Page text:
4. The combination as claimed in claim 3 wherein said guide follower unit includes a first pair of guide follower rollers fixed in position and each adapted to engage an adjacent guide surface, and

a second pair of guide follower rollers mounted for rotation as a unit about a generally vertical axis.

5. The combination as claimed in claim 2 and further including auxiliary stabilizing elements carried by said vehicle in laterally spaced relation to said guide follower unit for engaging the opposed outer surfaces of said guide means.

6. The combination as claimed in claim 5 wherein said vehicle has a plurality of road wheels for engagement with said drive surface at least one of which is steerable,

said guide follower unit is mounted for rotation about a generally vertical axis as a function of the position of said pair of guide surfaces,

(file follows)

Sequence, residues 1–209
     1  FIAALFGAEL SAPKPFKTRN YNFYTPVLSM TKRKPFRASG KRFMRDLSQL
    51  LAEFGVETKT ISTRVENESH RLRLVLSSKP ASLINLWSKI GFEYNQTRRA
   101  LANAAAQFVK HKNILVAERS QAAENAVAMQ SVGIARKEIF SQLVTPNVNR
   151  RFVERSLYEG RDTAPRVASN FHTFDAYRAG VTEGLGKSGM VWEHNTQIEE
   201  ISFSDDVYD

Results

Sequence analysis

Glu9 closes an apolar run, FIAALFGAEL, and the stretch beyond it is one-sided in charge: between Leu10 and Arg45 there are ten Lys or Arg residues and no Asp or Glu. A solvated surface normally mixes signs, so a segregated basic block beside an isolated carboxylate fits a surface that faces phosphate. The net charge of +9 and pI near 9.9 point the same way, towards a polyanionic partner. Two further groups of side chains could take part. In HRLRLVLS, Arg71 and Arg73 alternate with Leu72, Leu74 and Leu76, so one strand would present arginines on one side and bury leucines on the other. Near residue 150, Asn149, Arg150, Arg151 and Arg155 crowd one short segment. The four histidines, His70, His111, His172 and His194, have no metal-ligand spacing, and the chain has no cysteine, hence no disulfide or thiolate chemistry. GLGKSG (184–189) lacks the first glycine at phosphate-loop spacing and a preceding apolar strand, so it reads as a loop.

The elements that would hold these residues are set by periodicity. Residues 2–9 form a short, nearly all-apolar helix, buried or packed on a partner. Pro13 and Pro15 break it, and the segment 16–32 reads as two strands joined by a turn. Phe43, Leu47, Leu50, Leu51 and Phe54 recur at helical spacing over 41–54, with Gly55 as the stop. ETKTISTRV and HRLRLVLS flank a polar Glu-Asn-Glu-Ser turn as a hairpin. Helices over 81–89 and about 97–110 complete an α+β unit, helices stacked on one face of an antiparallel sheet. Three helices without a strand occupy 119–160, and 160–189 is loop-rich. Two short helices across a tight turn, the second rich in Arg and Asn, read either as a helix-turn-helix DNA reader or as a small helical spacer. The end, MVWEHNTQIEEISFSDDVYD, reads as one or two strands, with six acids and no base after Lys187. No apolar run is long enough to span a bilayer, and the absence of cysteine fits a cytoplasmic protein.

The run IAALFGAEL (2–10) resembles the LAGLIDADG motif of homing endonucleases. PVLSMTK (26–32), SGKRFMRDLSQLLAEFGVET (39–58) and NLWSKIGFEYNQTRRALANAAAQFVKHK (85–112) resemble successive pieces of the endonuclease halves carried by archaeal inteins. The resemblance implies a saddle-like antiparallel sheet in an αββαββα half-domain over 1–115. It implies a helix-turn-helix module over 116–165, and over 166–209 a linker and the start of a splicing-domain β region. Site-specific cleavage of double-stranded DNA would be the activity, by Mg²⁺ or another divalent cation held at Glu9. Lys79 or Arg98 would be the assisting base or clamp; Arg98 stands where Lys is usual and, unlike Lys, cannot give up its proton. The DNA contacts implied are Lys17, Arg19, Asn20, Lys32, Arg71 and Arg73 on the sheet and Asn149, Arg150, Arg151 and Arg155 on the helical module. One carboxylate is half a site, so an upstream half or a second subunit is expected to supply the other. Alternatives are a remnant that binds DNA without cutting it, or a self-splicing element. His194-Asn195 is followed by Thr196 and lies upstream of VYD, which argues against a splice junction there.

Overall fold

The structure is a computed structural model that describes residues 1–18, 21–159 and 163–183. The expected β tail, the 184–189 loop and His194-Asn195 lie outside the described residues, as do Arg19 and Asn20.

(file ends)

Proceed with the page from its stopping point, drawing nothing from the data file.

means for coupling the rotation of said vertically reciprocable guide follower unit to said steerable road wheel for controlling the directional movement of said vehicle along said transportation system, and

means for varying the position of said stabilizing elements as a function of the rotation of said guide follower unit.

7. The combination as claimed in claim 6 wherein said guide follower unit includes a first pair of guide follower rollers fixed in position and each adapted to engage an adjacent guide surface, and a second pair of guide follower rollers mounted for rotation as a unit about said generally vertical axis.